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God bless her soul.

  1. 0
    Beth37posted 2 years ago

    The oldest known survivor of the Holocaust, Alice Herz-Sommer, died yesterday at 110.

    "I think I am in my last days but it does not really matter because I have had such a beautiful life."

    “Young people take everything for granted, whereas we, the elderly, understand nature, “ Herz-Sommer told Haaretz in an interview at age 106. “What I have learned, at my advanced age, is to be grateful that we have a nice life. There is electricity, cars, telegraph, telephone, Internet. We also have hot water all day long. We live like kings. I even got used to the bad weather in London,” she said.


    http://www.haaretz.com/jewish-world/jew … m-1.575973

    1. wilderness profile image96
      wildernessposted 2 years ago in reply to this

      Can you imagine the changes she has seen?  Born before the Model T car, for Pete's sake!  We even have the telegraph and hot water all day long.

    2. gmwilliams profile image84
      gmwilliamsposted 2 years ago in reply to this

      God bless this woman.  She is one beautiful human being.  She survived the worst of hells.  Such people should forever be revered and honored.  NEVER FORGET.  NEVER FORGET.

    3. Quilligrapher profile image90
      Quilligrapherposted 2 years ago in reply to this

      aleha hashalom (עליה השלום)

  2. Jodah profile image87
    Jodahposted 2 years ago

    Wow 110, and she was so wise. I guess having lived through the horror of the holocaust you would be greatful for everything in life. We'd do well to be as appreciative as Alice. May she rest in peace.

  3. amiebutchko profile image93
    amiebutchkoposted 2 years ago

    Wow, Beth.  So amazing!  I can't imagine living through that much of our history.  It is true that we, and our children, do not appreciate how easy we have it with all the modern convenience.  We could all use a little gratitude...!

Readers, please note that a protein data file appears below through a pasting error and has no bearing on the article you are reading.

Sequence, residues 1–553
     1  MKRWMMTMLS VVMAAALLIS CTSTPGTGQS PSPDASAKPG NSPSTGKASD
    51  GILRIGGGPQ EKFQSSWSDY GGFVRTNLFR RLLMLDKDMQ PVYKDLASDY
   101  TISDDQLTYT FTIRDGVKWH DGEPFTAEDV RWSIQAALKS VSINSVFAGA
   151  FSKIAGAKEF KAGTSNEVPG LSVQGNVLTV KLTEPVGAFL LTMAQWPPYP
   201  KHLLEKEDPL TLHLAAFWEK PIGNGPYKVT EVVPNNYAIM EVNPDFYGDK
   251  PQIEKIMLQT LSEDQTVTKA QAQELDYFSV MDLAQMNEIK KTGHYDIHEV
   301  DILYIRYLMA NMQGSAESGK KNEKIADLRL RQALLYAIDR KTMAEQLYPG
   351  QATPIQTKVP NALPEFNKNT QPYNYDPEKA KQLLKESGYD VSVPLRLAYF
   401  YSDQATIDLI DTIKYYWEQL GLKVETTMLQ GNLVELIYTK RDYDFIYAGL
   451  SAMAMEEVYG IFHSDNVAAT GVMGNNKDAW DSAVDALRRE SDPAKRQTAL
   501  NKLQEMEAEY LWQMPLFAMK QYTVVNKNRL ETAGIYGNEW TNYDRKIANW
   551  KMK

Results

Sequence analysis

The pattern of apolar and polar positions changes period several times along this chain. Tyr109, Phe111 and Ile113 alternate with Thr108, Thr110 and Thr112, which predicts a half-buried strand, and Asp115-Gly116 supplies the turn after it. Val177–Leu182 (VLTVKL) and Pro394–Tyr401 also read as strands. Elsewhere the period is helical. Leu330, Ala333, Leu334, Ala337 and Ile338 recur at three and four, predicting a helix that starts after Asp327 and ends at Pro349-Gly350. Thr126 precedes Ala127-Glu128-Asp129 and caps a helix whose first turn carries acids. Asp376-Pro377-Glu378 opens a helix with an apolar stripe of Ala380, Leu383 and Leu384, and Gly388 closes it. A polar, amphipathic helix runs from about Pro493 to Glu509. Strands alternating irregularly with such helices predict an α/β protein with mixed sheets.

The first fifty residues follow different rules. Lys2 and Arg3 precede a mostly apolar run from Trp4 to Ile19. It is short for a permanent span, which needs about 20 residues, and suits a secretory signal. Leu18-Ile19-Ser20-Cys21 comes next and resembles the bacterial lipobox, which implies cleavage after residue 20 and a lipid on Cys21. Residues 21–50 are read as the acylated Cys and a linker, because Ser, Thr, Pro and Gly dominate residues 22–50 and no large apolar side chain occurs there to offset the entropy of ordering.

1. wilderness profile image96
      wildernessposted 2 years ago in reply to this

      Kind of puts a different perspective on being poor today, doesn't it?  That lady likely grew up with candles, a town crier and no running water.  Outhouse in the back 40, feet for travel and with 5 or 6 kids sleeping together in the loft.

      How quickly we forget.  My great grandmother was the first caucasian woman, and the second couple, to enter little valley not far from where I live now and the stories from her childhood are simply amazing.  A three day wagon ride to the cannery, when I drive it in an hour.  Digging miles of irrigation ditch by hand while maintaining a constant grade.  Shooting salmon - it was a staple then, not a luxury.  Week long camping trips in the wagon to pick berries - another staple.  She was ecstatic when she got her first ever wooden floor, after being there for a decade.   Grandma was crippled, and a wondrous day when the family got a horse; she could get to the school now!

      We've forgotten what hardship really means.

      1. amiebutchko profile image93
        amiebutchkoposted 2 years ago in reply to this

        Very true....!

  4. MichelleJDevine profile image60
    MichelleJDevineposted 2 years ago

    She has such a beautiful smile in this picture.

  5. grand old lady profile image88
    grand old ladyposted 2 years ago

    I love this woman. May she rest in peace, even as her life has enriched us and made the world a better place.

  6. 0
    Beth37posted 2 years ago

    Which is more impressive? That she lived to be 110 and yet was still so lively and positive? Or that she survived the holocaust as a person with a joyful outlook? Or maybe that she was THE LAST survivor? That part really gets me. There will no longer be a soul on earth to tell us about one of the greatest horrors of all time that only some survived at all. This is a momentous occasion. The world just lost something incredibly special. If Jennifer Aniston died today,  the entire world would freak out.

  7. tirelesstraveler profile image88
    tirelesstravelerposted 2 years ago

    This is beautiful, thanks Beth for bringing to our awareness.

    1. 0
      Beth37posted 2 years ago in reply to this

      Of course. It's an honor just to know about her.
      If you'd like to see a documentary about her (it was nominated for an Oscar) it's called:
      Lady in Number 6: How Music Saved My Life.

      1. gmwilliams profile image84
        gmwilliamsposted 2 years ago in reply to this

        I am watching a segment of The Lady in Number 6 on youtube.  It is so inspirational!

        1. 0
          Beth37posted 2 years ago in reply to this

          I'd like to see it too. Maybe someday it will be available thru Redbox or Netflix.